In­ter­na­tional Crim­i­nal Court in­dicts Gad­hafi: So what?

The Washington Times Weekly - - Commentary -

Last week, In­ter­na­tional Crim­i­nal Court (ICC) pros­e­cu­tors an­nounced that they in­tend to in­dict Libyan dic­ta­tor Moam­mar Gad­hafi on an ar­ray of charges, in­clud­ing war crimes and crimes against hu­man­ity. Gad­hafi’s regime im­me­di­ately dis­missed the ICC in­ves­ti­ga­tion as im­pe­ri­al­ist pro­pa­ganda.

For pos­si­bly bet­ter, but likely for worse, ICC crim­i­nal war­rants, or at least the threat of war­rants, are now a weapon in the Libyan Civil War.

Threat­en­ing in­dict­ment gives diplo­mats a ne­go­ti­at­ing tool. Go, Gad­hafi, be­fore you are in­dicted. As a psy­cho­log­i­cal weapon, crim­i­nal war­rants em­pha­size the tyrant’s per­sonal re­spon­si­bil­ity for the regime’s most griev­ous crimes and un­der­score his sta­tus as an in­ter­na­tional pariah.

The po­lit­i­cal mes­sage to Gad­hafi loy­al­ists is not par­tic­u­larly sub­tle: Now is the time to aban­don the dic­ta­tor and make your own deal. Pro­vide ICC in­ves­ti­ga­tors with more hard ev­i­dence, and the court may re­ward you with im­mu­nity or le­niency. Why, wink, wink, you might con­sider launch­ing a coup d’etat and serve as the ICC’s ar­rest­ing au­thor­ity.

Ev­ery district at­tor­ney in Amer­ica knows the trick. It’s a way to di­vide a gang, stir doubt among gang mem­bers and fur­ther iso­late the DA’s main tar­get, the gang leader.

An Amer­i­can DA, how­ever, has po­lice SWAT teams to en­force the rule of law, even on the gang’s home turf. The DA also has firm ju­ris­dic­tion. But in Libya’s grim sit­u­a­tion, which the ICC in­tends to in­flu­ence, Gad­hafi re­tains suf­fi­cient guns and money to con­trol of a hefty chunk of turf where his whim is law.

Which leads to the down­side of ac­tual ICC in­dict­ments filed and pur­sued in the mid­dle of an un­re­solved war. ICC le­git­i­macy is un­cer­tain. Libya, like many coun­tries (in­clud­ing China, In­dia and the U.S.), does not rec­og­nize ICC ju­ris­dic­tion. In­stead of sowing divi­sion, ac­tual in­dict­ments could unite loy­al­ists if they con­clude fight­ing is prefer­able to prison. Ac­tual in­dict­ments, if they are re­spected, limit diplo­matic so­lu­tions, such as ex­ile in ex­change for quit­ting power. Gad­hafi’s buddy Venezue­lan tyrant Hugo Chavez might still give him a bolt-hole with great beaches, but an ICC wanted poster makes that op­tion more iffy.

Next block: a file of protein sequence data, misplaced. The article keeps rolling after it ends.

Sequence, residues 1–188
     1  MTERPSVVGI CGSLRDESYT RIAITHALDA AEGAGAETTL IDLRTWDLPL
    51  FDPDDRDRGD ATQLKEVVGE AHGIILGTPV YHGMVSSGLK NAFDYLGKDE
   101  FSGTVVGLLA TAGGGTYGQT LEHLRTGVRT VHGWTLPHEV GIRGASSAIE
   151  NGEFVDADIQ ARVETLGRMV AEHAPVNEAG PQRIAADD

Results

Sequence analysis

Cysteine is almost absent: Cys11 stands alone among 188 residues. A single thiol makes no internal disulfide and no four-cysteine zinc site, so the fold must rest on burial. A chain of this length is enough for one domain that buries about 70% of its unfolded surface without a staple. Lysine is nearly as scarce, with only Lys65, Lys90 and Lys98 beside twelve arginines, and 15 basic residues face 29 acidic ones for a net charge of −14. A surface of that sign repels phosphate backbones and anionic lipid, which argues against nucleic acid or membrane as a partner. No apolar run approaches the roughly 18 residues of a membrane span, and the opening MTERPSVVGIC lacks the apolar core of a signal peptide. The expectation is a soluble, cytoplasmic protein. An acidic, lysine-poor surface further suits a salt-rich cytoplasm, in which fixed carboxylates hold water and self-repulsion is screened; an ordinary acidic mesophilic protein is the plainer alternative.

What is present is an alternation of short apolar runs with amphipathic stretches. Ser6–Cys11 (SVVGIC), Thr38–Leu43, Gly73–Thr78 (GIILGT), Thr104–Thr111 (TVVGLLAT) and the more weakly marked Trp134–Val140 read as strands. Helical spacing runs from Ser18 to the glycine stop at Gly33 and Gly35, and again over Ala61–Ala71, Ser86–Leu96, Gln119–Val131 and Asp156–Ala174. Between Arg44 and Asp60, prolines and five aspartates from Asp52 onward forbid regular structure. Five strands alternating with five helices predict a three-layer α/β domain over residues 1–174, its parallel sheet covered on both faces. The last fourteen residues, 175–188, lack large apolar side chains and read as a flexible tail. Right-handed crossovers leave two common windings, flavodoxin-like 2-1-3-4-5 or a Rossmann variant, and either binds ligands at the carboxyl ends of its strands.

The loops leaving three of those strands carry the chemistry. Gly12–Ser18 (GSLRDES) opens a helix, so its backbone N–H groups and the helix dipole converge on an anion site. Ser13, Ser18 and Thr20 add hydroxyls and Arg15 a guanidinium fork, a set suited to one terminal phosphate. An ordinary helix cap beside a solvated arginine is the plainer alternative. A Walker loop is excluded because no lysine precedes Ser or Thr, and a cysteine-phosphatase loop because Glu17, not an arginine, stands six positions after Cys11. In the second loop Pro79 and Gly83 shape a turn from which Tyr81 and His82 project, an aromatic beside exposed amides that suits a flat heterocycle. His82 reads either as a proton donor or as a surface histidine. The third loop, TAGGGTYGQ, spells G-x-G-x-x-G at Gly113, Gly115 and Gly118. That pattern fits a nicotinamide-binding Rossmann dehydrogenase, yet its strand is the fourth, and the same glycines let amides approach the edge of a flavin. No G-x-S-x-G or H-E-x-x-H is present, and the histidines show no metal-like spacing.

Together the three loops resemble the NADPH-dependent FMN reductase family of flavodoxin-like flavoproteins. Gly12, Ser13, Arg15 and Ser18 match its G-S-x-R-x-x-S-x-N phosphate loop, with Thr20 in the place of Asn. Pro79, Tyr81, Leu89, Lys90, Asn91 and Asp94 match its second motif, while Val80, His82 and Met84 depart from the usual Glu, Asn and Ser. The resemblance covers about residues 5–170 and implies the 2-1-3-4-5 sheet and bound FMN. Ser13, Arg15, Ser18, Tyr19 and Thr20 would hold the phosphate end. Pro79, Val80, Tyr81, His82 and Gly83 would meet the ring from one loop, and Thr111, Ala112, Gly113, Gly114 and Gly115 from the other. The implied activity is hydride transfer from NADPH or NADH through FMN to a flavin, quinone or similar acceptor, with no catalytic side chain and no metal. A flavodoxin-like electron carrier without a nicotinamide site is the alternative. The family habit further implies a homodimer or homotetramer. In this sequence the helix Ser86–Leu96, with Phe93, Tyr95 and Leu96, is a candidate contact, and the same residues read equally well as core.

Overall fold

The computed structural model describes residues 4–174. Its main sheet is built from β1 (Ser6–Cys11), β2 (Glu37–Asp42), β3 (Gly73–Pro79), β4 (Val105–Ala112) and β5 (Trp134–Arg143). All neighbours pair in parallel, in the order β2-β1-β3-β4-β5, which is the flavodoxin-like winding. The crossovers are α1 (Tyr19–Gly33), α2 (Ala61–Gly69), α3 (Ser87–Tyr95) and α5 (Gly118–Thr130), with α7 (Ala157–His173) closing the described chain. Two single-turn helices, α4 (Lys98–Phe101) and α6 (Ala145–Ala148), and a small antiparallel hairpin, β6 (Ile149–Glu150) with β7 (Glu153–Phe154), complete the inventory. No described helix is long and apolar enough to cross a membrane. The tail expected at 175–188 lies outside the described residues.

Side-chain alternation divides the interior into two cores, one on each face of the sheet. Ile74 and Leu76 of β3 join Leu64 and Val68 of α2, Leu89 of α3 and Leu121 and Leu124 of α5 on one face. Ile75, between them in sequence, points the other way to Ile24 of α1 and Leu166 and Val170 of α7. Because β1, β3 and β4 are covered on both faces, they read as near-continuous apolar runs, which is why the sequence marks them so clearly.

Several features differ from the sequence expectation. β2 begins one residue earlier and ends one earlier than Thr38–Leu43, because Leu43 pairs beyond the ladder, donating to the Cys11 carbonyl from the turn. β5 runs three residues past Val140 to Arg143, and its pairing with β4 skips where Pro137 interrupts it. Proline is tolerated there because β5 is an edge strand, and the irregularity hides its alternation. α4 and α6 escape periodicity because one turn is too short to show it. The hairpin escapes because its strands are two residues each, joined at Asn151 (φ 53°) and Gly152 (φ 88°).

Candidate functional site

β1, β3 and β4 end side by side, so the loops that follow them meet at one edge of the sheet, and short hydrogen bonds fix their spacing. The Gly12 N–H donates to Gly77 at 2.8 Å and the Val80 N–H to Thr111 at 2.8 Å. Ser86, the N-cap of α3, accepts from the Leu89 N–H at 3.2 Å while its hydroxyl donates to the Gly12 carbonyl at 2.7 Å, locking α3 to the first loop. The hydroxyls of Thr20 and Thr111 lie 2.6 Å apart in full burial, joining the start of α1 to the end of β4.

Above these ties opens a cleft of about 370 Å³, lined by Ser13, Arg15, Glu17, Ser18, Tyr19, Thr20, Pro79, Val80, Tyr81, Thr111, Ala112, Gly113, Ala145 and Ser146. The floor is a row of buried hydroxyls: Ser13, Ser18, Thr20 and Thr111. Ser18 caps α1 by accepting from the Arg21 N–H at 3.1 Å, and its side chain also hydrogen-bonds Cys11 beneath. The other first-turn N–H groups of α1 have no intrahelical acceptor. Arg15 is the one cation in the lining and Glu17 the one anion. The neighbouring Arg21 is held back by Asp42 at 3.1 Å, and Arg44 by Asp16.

Crit­ics of ICC law­fare dur­ing war­fare ar­gue that ICC war­rants have hin­dered diplo­matic so­lu­tions to Uganda’s war with the Lords Re­sis­tance Army (LRA) and thus pro­longed it. In 2005, the ICC in­dicted LRA se­nior com­man­der Joseph Kony for nu­mer­ous crimes, in­clud­ing mur­der and sex­ual en­slave­ment. Kony is guilty, but the bat­tle­field is big­ger than the court­room. Since 2006, peace ne­go­ti­a­tions have floun­dered, with Kony’s in­dict­ment a ma­jor is­sue.

In 2009, me­di­a­tors re­ported that Kony wanted a peace deal, but it must guar­an­tee he would not be pros­e­cuted by the ICC. No dice. The ICC stuck to its war­rants. Uganda, which orig­i­nally en­cour­aged Kony’s in­dict­ment, has in­di­cated it will ig­nore the war­rants if Kony

Bashir is guilty, but the Dar­fur war grinds on while he sells oil to China and trav­els with rel­a­tive free­dom. Bashir has turned his ICC charges into a Third World cause celebre. He touts his in­dict­ment as an ex­am­ple of U.N. and west­ern im­pe­ri­al­ism. Gad­hafi’s pro­pa­gan­dists now echo Bashir’s tout.

sur­ren­ders.

ICC ad­vo­cates con­tend this un­der­mines the court’s au­thor­ity, and it does. ICC crit­ics say the tan­gled sit­u­a­tion demon­strates the lim­ited util­ity and po­ten­tially dele­te­ri­ous ef­fects crim­i­nal in­dict­ments cre­ate in com­plex on­go­ing tribal conflicts and civil wars. Mean­while, LRA thugs at­tack de­fense­less cen­tral African vil­lages and in­no­cents die.

As for ridi­cul­ing ICC au­thor­ity, thugs pro­tected by armed forces al­ready sneer, Su­dan’s pres­i­dent Omar al-Bashir be­ing the most ob­nox­ious scofflaw. Pros­e­cu­tors as­sert Bashir im­ple­mented “a plan to de­stroy in sub­stan­tial part the Fur, Masalit and Zaghawa groups.” Trans­la­tion: Bashir is guilty of geno­cide in Su­dan’s Dar­fur re­gion.

Bashir is guilty, but the Dar­fur war grinds on while he sells oil to China and trav­els with rel­a­tive free­dom. Bashir has vis­ited Dji­bouti since his in­dict­ment. No ar­rest. And no con­se­quences for no ar­rest. Bashir has turned his ICC charges into a Third World cause celebre. He touts his in­dict­ment as an ex­am­ple of U.N. and west­ern im­pe­ri­al­ism. Gad­hafi’s pro­pa­gan­dists now echo Bashir’s tout.

The ICC’s lim­ited threat to Gad­hafi ac­tu­ally has two sources: NATO air­craft and the Libyan rebels grow­ing com­bat power. The un­re­solved war is Gad­hafi’s real court­room. Un­til Gad­hafi’s army sur­ren­ders or launches a coup, the dic­ta­tor’s war­fare will ren­der ICC law­fare an ex­er­cise in rhetoric, not jus­tice.

Austin Bay is a na­tion­ally syn­di­cated colum­nist.

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